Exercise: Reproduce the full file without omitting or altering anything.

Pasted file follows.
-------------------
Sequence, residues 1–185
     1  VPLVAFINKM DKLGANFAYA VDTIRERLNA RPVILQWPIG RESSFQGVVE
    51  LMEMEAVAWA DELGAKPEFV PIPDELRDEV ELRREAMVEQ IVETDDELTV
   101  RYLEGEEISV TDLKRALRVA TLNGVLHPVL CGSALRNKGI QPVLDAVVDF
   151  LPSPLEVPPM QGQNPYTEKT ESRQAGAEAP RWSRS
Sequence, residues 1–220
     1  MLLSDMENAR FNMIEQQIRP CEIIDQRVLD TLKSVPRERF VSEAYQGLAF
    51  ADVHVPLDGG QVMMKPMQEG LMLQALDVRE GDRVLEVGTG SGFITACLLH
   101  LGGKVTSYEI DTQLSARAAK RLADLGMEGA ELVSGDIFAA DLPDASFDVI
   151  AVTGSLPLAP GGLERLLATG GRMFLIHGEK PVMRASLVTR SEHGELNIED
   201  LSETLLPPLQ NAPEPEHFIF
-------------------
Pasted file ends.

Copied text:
Sequence, residues 1–185
     1  VPLVAFINKM DKLGANFAYA VDTIRERLNA RPVILQWPIG RESSFQGVVE
    51  LMEMEAVAWA DELGAKPEFV PIPDELRDEV ELRREAMVEQ IVETDDELTV
   101  RYLEGEEISV TDLKRALRVA TLNGVLHPVL CGSALRNKGI QPVLDAVVDF
   151  LPSPLEVPPM QGQNPYTEKT ESRQAGAEAP RWSRS
Sequence, residues 1–220
     1  MLLSDMENAR FNMIEQQIRP CEIIDQRVLD TLKSVPRERF VSEAYQGLAF
    51  ADVHVPLDGG QVMMKPMQEG LMLQALDVRE GDRVLEVGTG SGFITACLLH
   101  LGGKVTSYEI DTQLSARAAK RLADLGMEGA ELVSGDIFAA DLPDASFDVI
   151  AVTGSLPLAP GGLERLLATG GRMFLIHGEK PVMRASLVTR SEHGELNIED
   201  LSETLLPPLQ NAPEPEHFIF